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If You Hadn’t Noticed, the Autonomous Car is Officially The Next Big Thing

autonomousnbtSo far this year we have seen a surge in press and media attention on the self-driving autonomous car, so much that we can safely say the Autonomous Car is The Next Big Thing. Predictions have been coming thick and fast from the environmental benefits, as apparently every autonomous car is going to be electric, to the potential loss of millions of jobs as taxis and trucks start driving themselves.

Originally posted on the QNX Auto Blog.

The hype is at least underscored by an element of truth. Big announcements from the automotive industry this year demonstrate what we’ve known for a while: Automotive technology – and especially autonomous vehicles – are speeding up fast.

Most impressively, Ford announced they are investing $182 Million into Pivotal, a cloud software company, and has announced a complete revamp of its Dearborn, Michigan, campus. Unless you are the escalator repair guy in Building 5, few will miss the 1950’s-era engineering buildings being replaced with a modern campus and architecture designed to support “Ford’s plan to be an auto and mobility company” with “new facilities to further drive innovation and collaboration.”

Every carmaker is lining up media and demonstrations to show their prowess. In an industry that has traditionally been challenged to attract major software talent, automakers are hiring and opening or expanding Silicon Valley offices in order to attract and retain the software engineers they need to compete in the future.

So it comes as no surprise that General Motors quietly acquired Cruise Automation, a San Francisco-based company planning to sell autonomous driving modules that you can retrofit to your existing car. In true Silicon Valley tradition, the acquisition was followed by the announcement that the founders were suing each other over the $1 billion that GM is reportedly paying for it.

While the fancy offices and lawsuits sound more like Silicon Valley than Detroit, it’s all part of the profound change in the industry and signals that the autonomous car is officially The Next Big Thing. While the established industry is pivoting to embrace the new reality that software, not sheet metal, defines its future, it’s facing increased competition from a raft of high-tech startups competing for technical talent.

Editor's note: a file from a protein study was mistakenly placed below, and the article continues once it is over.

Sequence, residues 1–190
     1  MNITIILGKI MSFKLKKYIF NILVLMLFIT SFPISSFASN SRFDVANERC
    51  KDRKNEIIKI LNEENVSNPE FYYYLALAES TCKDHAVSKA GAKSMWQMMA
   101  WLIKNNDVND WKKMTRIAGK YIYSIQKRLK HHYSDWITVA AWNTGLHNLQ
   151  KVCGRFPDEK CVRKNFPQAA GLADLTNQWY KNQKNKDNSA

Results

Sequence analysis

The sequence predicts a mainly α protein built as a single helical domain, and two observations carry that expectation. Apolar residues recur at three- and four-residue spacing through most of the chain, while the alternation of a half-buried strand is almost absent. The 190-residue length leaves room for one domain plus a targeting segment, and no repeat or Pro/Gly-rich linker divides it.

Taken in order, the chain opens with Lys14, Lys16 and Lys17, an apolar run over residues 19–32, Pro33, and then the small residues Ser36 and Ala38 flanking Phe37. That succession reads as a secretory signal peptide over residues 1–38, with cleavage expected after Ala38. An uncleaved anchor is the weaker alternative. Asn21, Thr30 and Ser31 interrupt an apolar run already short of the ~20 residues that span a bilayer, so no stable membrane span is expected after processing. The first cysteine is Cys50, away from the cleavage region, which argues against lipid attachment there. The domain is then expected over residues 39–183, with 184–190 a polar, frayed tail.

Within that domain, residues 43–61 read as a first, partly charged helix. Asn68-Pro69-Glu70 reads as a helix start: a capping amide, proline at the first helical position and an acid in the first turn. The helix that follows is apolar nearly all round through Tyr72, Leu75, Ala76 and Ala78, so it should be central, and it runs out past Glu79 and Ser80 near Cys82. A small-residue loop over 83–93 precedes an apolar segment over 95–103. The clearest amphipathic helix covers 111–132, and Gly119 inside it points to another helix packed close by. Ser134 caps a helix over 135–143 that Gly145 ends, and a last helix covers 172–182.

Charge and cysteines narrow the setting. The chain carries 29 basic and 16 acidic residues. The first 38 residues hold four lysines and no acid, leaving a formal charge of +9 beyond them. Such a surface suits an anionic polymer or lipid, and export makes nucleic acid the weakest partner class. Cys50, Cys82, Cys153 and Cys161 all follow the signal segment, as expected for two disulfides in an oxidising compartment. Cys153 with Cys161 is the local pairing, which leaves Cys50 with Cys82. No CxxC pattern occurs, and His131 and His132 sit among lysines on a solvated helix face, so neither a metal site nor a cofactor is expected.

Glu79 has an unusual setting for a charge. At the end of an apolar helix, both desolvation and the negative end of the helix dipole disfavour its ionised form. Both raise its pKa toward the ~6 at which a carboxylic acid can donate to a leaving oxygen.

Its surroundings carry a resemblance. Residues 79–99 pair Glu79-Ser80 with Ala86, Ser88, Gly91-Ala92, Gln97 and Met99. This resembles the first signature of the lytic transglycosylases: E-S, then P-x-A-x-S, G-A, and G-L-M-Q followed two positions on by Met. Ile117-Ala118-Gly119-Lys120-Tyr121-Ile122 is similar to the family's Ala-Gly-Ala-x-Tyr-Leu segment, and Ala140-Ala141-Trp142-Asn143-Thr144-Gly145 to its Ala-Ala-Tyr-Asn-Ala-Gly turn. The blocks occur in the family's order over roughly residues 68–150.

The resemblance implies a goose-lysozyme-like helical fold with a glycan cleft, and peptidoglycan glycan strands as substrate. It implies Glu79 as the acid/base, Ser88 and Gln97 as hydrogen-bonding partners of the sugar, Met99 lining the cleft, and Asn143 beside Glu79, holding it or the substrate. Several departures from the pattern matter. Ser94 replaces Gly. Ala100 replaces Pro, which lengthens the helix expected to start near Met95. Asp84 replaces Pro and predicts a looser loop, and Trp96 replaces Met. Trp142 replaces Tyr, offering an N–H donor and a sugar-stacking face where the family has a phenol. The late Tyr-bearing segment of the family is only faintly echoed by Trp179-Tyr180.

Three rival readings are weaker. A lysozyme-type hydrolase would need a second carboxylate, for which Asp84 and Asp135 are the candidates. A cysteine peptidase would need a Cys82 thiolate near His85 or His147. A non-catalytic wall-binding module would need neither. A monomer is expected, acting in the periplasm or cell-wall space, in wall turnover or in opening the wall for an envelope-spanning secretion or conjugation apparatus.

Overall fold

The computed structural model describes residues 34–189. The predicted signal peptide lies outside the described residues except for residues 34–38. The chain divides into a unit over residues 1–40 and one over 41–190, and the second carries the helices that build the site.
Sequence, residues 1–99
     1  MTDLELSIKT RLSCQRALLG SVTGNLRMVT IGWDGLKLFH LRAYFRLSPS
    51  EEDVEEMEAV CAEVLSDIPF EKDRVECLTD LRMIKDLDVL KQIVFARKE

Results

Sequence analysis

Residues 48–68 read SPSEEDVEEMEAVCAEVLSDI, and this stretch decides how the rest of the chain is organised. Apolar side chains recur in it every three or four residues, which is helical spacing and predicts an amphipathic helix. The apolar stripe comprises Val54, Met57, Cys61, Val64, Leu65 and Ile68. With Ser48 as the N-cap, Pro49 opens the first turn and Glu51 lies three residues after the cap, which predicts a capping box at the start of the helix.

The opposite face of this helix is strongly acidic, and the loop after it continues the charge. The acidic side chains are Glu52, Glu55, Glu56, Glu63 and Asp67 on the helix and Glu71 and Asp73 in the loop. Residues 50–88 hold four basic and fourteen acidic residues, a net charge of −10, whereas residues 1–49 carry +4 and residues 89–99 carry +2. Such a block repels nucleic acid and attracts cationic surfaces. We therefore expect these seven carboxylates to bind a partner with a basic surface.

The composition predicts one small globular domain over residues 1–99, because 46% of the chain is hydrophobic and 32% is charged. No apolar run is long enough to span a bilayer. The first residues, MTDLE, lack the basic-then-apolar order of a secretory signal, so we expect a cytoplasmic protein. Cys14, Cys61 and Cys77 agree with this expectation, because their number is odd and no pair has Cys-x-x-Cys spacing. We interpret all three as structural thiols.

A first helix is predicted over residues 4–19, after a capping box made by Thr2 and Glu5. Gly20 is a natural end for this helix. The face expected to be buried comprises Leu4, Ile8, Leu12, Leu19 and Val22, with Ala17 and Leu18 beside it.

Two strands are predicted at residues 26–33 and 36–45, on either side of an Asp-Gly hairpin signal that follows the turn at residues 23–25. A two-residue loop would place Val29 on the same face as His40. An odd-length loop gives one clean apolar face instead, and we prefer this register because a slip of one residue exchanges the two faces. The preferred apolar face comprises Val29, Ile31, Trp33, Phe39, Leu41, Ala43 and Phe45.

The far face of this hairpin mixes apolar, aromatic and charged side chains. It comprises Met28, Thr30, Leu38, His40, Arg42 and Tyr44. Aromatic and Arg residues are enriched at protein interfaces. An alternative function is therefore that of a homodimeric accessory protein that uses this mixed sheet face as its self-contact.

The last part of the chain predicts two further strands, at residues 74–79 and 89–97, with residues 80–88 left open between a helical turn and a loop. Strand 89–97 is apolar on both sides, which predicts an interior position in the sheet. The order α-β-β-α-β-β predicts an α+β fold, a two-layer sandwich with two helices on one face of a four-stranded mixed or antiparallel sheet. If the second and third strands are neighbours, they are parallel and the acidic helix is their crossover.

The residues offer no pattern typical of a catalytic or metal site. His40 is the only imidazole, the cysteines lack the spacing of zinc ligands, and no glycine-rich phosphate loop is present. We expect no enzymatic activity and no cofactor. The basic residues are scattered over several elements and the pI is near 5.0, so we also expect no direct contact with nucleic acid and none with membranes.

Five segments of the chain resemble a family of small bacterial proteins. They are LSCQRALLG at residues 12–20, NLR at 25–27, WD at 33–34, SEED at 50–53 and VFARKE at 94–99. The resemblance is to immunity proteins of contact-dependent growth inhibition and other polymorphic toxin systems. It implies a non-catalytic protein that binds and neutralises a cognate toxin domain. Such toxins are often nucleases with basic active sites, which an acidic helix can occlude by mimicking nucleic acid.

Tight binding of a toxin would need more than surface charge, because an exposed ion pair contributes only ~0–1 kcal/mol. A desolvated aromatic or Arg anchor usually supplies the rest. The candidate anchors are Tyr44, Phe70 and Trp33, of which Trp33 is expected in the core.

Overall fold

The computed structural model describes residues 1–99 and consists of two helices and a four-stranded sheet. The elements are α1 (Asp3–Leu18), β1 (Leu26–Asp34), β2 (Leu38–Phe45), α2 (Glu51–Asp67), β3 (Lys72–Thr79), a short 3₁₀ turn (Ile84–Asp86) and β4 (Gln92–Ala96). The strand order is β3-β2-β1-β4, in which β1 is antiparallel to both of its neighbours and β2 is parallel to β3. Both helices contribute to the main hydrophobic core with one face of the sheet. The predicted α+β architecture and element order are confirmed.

qnx_2015_concept_car_maserati_forward_collision_1200QNX is at the heart of change in the automotive industry. While often recognized as the operating system behind the industry’s leading infotainment products, the QNX microkernel real-time operating system is being built into the heart of next-generation safety-critical autonomous systems.

With the industry’s only ISO26262 safety-certified OS, the QNX codebase is a stable POSIX-compliant microkernel free of the code bloat that affects many competing operating systems. This reaps benefits when it comes to developing safety-certified systems for the autonomous car. With the flexibility to do R&D and rapid prototyping on Linux, and then easily port onto the safety-certified kernel, QNX speeds time-to-market and reduces engineering costs. This comes from its prototype codebase that can be reused and refined, as opposed to being rebuilt, for production use.

As the industry is changing, so are we. From our suite of products ranging from the digital cockpit to autonomous cars, QNX offers unique solutions spanning the whole car, and makes them safe, secure, and reliable. We enable the industry to avoid costly and innovation-slowing operating system fragmentation across different systems in the car. With the flexibility and capability to form the basis of in-car entertainment, driver information, guidance, and safety critical systems, QNX provides the car OS that is the foundation of the Next Big Thing.

About Thomas Bloor